When someone we know retires, we often throw a party -- and we might offer some friendly advice, too. After all, their life is about to change significantly, and we may be able to help them navigate the changes with minimum headaches.
We all know someone who will be retiring soon -- at least from his current job: President Obama. (If you don't like him, this handy website can help you keep track of just how much time he has left -- 146 days and 13 hours, as of the time of this writing, for example.) Here are some handy retirement tips for our president -- many of which apply to the rest of us, too.
Be sure to have enough money
First off, in order to enjoy your retirement, you'll need to have saved up enough money. This can be done according to a plan, but sometimes our plans are thwarted. Many people, for example, don't get to choose when they retire. A 2015 Merrill Lynch report found that 55% of retirees surveyed had retired earlier than expected, with 37% of folks retiring early because of health problems, 27% due to a job loss, and 11% in order to care for a loved one. An earlier-than-desired retirement can change your financial prospects drastically. President Obama is among those who don't get to stay at their job as long as they may like. Fortunately, like all former presidents, he will receive a comfortable pension.
For the many of us without pension income in our futures, we should be saving aggressively for our futures -- ideally making the most of tax-advantaged retirement accounts. How much do you need? Well, that depends on lots of factors, but you can get a rough idea by multiplying your desired annual income in retirement (less Social Security benefits) by 25. That shows you how much you need to start with if you'll be withdrawing 4% annually. If you want $65,000 in retirement income and are expecting $25,000 in Social Security income, then multiply the difference, $40,000, by 25 and you'll arrive at a savings goal of $1 million.
Be savvy with retirement accounts
Tax-advantaged retirement accounts such as IRAs and 401(k)s can help any of us, including President Obama, reach our goals. Sure, he can now expect a generous pension, but he likely contributed to retirement accounts in past jobs, as did the First Lady. Here are some ways we all can be smart about them:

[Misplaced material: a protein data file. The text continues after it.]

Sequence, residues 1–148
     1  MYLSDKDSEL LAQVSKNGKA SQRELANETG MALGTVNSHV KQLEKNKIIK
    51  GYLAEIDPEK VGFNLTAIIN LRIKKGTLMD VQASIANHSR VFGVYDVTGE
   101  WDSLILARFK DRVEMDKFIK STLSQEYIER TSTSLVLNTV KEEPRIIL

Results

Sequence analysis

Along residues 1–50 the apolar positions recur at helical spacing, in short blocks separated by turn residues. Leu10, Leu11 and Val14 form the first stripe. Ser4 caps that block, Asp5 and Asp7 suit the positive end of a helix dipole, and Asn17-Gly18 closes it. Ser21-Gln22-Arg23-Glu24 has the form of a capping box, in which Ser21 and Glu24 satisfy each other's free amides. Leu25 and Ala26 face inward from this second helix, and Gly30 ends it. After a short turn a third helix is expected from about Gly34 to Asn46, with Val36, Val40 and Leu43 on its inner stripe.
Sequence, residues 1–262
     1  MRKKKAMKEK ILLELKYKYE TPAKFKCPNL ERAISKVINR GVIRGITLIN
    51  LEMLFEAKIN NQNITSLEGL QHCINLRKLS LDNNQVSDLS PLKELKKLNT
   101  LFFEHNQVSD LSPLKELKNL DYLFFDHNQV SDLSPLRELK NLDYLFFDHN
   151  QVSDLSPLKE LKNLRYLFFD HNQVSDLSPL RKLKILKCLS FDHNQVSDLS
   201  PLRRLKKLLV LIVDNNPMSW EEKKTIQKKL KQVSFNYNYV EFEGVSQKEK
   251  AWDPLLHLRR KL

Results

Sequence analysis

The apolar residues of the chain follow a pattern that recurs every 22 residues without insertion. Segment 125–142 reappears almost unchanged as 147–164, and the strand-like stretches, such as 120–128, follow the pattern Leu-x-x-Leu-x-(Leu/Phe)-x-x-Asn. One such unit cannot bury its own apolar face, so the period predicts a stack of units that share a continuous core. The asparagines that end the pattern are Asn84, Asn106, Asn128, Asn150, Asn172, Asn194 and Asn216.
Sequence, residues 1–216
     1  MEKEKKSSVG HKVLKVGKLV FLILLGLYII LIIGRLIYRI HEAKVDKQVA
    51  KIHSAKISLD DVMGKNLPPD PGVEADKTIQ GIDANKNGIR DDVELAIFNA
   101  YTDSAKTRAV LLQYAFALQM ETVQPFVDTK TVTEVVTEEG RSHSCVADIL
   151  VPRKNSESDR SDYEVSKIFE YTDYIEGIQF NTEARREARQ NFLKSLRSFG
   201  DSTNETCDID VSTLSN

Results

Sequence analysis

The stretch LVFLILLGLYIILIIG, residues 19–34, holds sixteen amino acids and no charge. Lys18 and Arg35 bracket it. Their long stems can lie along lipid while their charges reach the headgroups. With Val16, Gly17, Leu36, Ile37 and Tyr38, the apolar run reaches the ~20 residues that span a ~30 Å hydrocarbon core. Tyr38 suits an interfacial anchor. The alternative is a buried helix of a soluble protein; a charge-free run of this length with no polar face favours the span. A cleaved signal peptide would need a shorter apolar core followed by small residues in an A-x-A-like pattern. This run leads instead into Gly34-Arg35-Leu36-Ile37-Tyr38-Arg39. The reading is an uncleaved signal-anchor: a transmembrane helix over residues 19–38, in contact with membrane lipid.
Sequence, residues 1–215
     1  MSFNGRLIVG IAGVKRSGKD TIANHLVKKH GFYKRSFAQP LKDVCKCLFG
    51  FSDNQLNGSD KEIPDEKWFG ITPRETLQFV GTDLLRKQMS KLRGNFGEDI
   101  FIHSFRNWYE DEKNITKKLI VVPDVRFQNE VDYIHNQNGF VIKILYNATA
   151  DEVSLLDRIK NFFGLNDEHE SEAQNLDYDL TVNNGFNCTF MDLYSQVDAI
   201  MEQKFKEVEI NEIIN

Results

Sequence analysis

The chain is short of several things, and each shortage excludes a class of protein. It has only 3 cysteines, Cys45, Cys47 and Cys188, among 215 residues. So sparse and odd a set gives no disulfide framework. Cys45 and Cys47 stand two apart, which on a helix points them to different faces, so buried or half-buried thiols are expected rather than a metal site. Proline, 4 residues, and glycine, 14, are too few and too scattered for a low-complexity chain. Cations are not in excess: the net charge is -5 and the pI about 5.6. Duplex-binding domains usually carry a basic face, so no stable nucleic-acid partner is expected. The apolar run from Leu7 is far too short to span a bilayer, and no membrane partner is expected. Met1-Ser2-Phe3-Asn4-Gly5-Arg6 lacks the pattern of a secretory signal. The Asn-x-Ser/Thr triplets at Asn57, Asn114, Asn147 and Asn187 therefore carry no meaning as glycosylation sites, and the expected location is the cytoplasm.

Contribute enough to 401(k) plans to receive the maximum company match your employer offers -- since that's free money. Many companies, for example, will match 50% of your contributions up to 6% of your salary, so chip in at least that much.
Understand the special power of the Roth IRA. If you follow its rules, you can withdraw funds from it in retirement tax-free. If your Roth IRA ends up worth $200,000 in retirement, for example, and you would be in a 25% tax bracket then, you may be able to avoid paying $50,000 in taxes. There's a good chance President Obama would be in a higher tax bracket, but if his bracket in retirement was 35%, he would avoid $70,000 in taxes with such an IRA.
Invest strategically in your retirement accounts. You might, for example, park significant dividend payers and stock in companies you expect to grow quickly in a Roth IRA, as that income and growth may end up tax-free.
Don't dismiss simple, inexpensive broad-market index funds, such as those based on the S&P 500 or the entire stock market. Those can be perfect choices for 401(k) money and even for the rest of your portfolio since, aided by low fees, they tend to outperform most managed mutual funds.
Brace against boredom
You may be craving the days when you'll no longer have to punch a clock, but many retirees end up surprised by being bored and restless in retirement, and sometimes lonely, too. It's often under-appreciated how jobs offer welcome structure and lots of socializing. Even President Obama may find himself at a bit of a loss once he no longer has a busy schedule of briefings and meetings. What can he -- and we -- do about that? Well, consider working part-time during retirement -- you may be able to stay on at your current company with reduced hours, or you may find a low-stress way to earn some extra money, such as at a local retailer or by tutoring.